Joey starts the second moving forward, but eats another punch. Jacare looks decent on his feet in this bout. He lands a doubleleg with 4:20 left and moves quickly to half guard. Villasenor again forces the fight back up. Jacare is relentless with his attack on the legs, though, and they go back down with just over three minutes left. Again the half guard. He tries to pass and again Villasenor stands. Joey lands a good straight left, then a low kick. They trade hooks and then Jacare takes him down again with 1:30 remaining. Not much action down there and Joey kicks him off with 28 seconds left. Jacare shoots again, but cant’ get it before the bell. 10-9 Jacare, but he might be slowing down.
The final frame starts with Villasenor trying to work his striking and he lands a straight right on Jacare’s face. Jacare’s nose is bleeding now and he tries a shot, but Villasenor shakes it off. Shamrock calls the failed takedown attempt "crushing" for Jacare. Not sure about all that, but he does look winded. Villasenor presses forward and squashes another takedown attempt. The broadcast team is really freaking out about Villasenor taking control of the fight, but Jacare finally gets him down again with 2:50 left. Mauro and Shamrock really want to give this one to Villasenor. Jacare lands some short shots from half guard. With 55 seconds left the ref calls for a stand-up. Villasenor tries to throw a flying knee, which of course ends with both fighters back on the mat. Jacare rides it out. 10-9 Souza.
It’s official: Jacare Souza def. Joey Villasenor via unanimous decision (30-27, 29-28 x2).
Andrei Arlovski vs, Antonio "Bigfoot" Silva is up next. Arlovski comes to the cage in a red and black Dolce & Gabbana robe. Silva opts for a fashion T-shirt and a ballcap. Shamrock calls Silva "suuuuper agile," sounding like he’s channeling his inner surfer dude.
Andrei Arlovski vs. Antonio Silva
Both guys are former heavyweight champions, but Silva’s was in EliteXC, so it barely counts. The crowd loves Arlovski. Big John McCarthy is working this baby. Arlovski’s trunks match his robe. Arlovski mixes some punches with a low kick early, while Silva is looking to slug. He landed a few in the opening exchange, too. Silva lands an inside leg kick, but Arlovski matches him with a good straight right. Silva lands a flush left hook, but Arlovski looks unfazed. Another leg kick from Silva with 2:50 left. And then a nice body shot. Then a hard right and a left hook with 2:30 left. That one hurt. Silva pushes him against the cage and Arlovski is bleeding. Silva dumps him on his butt with a single leg and lands a straight left as he falls into guard. Arlovski tries to work his way up against the cage, but chooses to ride it out to the bell. 10-9 Silva.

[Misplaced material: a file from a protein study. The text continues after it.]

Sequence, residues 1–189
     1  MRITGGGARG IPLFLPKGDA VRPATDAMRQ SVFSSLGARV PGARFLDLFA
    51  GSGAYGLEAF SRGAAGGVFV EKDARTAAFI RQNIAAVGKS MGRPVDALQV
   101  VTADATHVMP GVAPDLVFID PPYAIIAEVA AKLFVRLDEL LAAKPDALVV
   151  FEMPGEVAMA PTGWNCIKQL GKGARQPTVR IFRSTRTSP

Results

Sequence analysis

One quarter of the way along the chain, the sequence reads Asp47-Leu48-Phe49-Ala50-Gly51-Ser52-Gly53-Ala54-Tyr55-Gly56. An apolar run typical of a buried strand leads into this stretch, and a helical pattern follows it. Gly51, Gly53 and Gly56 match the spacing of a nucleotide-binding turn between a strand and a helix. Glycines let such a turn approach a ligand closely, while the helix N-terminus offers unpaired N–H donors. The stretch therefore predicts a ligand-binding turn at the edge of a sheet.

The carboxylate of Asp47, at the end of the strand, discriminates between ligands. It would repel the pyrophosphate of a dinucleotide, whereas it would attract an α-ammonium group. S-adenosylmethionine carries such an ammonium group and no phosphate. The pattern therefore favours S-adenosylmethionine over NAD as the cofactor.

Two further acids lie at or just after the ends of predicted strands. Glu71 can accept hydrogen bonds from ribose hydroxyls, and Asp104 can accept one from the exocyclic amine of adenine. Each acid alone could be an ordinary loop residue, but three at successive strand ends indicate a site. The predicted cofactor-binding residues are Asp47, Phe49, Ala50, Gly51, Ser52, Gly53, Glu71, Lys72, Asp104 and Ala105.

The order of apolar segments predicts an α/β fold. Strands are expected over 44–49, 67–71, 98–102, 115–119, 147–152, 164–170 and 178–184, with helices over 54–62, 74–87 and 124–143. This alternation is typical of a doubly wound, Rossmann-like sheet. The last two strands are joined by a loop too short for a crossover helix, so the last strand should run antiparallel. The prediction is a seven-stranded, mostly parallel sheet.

Silva throws a body kick after some early feints from both guys. Silva lands a jab. He’s countering Arlovski seemingly at will, landing a left that stumbles the smaller fighter back against the cage, where they clinch again. They trade uppercuts in close, but BJM breaks it up with 2:50 left. Silva shoots, but Arlovski fends it off and gets double under-hooks. Silva reverses him against the cage and tries a leg trip, but it fails. At 1:41, another restart from BJM. Silva switches to a southpaw stance. Really? Wow, OK. Arlovski tosses out a leg kick, then eats a jab. They clinch against the fence again with 40 seconds left. Both guys wing punches as they move briefly back to center, before heading back to the fence for the end of the round. 10-9 Silva.
Silva looks every bit like the better boxer here, which is shocking. After 45 seconds of feeling each other out on the feet, Silva pushes him against the chain link. With 3:35 on the clock, BJM starts them over. Silva comes forward and lands a right hand that gets the waterworks going from Arlovski’s nose again. Back to the fence. Another restart. You see the pattern developing? Arlovski lands an inside leg kick and a right hook. But they head back to the cage with 1:50 on the clock. Silva digging for that takedown again, and he gets it with 1:30 left. He passes to half guard, then stands to dish out some punches. They stand up against the cage and BJM restarts them with 15 seconds left. Silva drops his hands and clowns Arlovski with a dance before the bell. 10-9 Silva.
That was a surprise, but the decision is not: Antonio Silva def. Andrei Arlovski via unanimous decision (29-28 x 3).
Shamrock said before the fight that takedowns would be the key for Silva and so he’s sticking to that being the most important factor in the win, even though it’s not even kind of true. Silva thoroughly outstruck Arlovski en route to the win.
According to tonight’s viewer poll, 95 percent of Strikeforce fans think the main event will end via knockout. C’mon people, quit playing it safe. That fight is next.
Alistair Overeem vs. Brett Rogers
Rogers tosses out Xtreme Couture shirts to the fans as he enters. Ranallo describes Overeem as "a man with muscles upon muscles." Shamrock says even Overeem’s hair follicles have muscles. Really? We’re going to extol the virtues of Overeem’s build with a straight face? Whatever. The time for jokes is over, it’s time to fight.
Overeem takes the center of the cage. Rogers tosses out some jabs from distance. Overeem lands a hard low kick, then an inside kick. Rogers looks a bit skittish. Another inside leg kick by the champ. From a brief clinch, Overeem tosses Rogers to the canvas with seeming ease and lands some punches on his way down to side control. He lands a knee to the body with three minutes remaining and crams Rogers against the fence. Overeem looks patient and lands a series of punches to Rogers, who is just covering up. An another vicious onslaught of punches causes Rogers to roll over. The shots keep raining and Big John steps in to stop the fight.
Alistair Overeem def. Brett Rogers via TKO, 3:40, round 1.
Short and sweet for Overeem. Rogers never got started. The replay shows that The Grim may not have taken a ton of flush shots on the ground, but the stoppage was fully justified. Gus Johnson speaks with Overeem in the cage. The champion says he’s back and gives a simple, two-word answer to what he expects in his next fight: Fedor Emelianenko.
Showtime throws it to a promo for "Inside NASCAR," so I’m out of here. Let’s meet back here tomorrow to compare notes.